UBC Theses and Dissertations
Alternative visions of "Harmony" : exploring gender and participation in the Malcolm Island Community Resource Cooperative Pullen, Mary MacLaren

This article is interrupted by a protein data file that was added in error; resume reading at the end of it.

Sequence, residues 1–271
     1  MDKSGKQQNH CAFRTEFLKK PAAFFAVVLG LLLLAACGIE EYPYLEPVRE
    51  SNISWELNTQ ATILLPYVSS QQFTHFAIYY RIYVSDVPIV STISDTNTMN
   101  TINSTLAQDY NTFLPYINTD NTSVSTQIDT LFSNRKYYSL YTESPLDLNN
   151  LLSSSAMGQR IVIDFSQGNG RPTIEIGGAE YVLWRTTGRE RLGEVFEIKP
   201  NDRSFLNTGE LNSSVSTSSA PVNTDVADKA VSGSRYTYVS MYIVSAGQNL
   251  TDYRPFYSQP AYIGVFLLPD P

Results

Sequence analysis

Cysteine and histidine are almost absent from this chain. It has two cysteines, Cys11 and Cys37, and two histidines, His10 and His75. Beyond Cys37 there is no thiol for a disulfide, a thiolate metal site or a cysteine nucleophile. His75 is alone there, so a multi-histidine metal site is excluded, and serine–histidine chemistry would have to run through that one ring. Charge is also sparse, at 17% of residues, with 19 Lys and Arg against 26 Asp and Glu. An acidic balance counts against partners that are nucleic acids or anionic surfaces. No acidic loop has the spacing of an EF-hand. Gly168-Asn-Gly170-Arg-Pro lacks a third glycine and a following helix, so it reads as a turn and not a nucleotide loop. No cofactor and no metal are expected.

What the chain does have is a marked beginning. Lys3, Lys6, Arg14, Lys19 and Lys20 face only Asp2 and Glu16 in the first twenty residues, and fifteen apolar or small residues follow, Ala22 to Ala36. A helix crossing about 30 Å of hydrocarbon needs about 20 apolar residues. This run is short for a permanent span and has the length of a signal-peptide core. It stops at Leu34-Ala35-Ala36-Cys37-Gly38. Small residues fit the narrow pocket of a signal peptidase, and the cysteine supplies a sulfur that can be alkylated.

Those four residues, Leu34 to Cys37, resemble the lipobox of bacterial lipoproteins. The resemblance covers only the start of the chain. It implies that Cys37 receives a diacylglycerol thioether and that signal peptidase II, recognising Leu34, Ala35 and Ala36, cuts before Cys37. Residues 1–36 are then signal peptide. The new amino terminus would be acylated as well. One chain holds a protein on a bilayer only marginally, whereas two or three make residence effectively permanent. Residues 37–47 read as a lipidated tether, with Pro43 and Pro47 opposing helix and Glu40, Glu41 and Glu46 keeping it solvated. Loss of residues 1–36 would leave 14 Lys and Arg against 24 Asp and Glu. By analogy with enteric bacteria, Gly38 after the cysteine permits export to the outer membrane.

The cooperative enterprise has seemed, to many contemporary 'green' theorists, to be a socially sustainable economic alternative to conventional corporate capitalism, based on the ideas of grassroots participation, democracy, egalitarianism, community, social equity and empowerment. I argue, however, that there has been no attempt in 'green' thought to analyze gender relations within the cooperative enterprise. Instead, 'green' theorists view the cooperative as a homogeneous social entity with a shared subjectivity; and assume that the cooperative's 'sustainable' attributes - decentralized, democratic, and equitable principles - will ensure gender equity and empowerment through social sustainability. Reviewing 'green' theories of cooperatives and social sustainability, this thesis challenges 'green' interpretations of participation and social sustainability that ignore members' gendered identities, relations, and interests, particularly in resource-dependent communities. 'Green' definitions of participation have tended to narrowly focus on access to the cooperative without paying attention to cooperative member dynamics. By focusing attention on the nuances of participation and the implications for equity and empowerment, this thesis explores the complexities and contradictions of gender and participation as they apply to a mixed-gender community resource cooperative on Malcolm Island, British Columbia. Using a labour-knowledge-authority framework, the case study of the Malcolm Island Community Resource Cooperative (MICRC) illustrates that while the cooperative may be socially sustainable according to 'green' community and social economic ideals, actual participation in the cooperative enterprise is more complex, contradictory, and gendered than 'green' thought has typically assumed.
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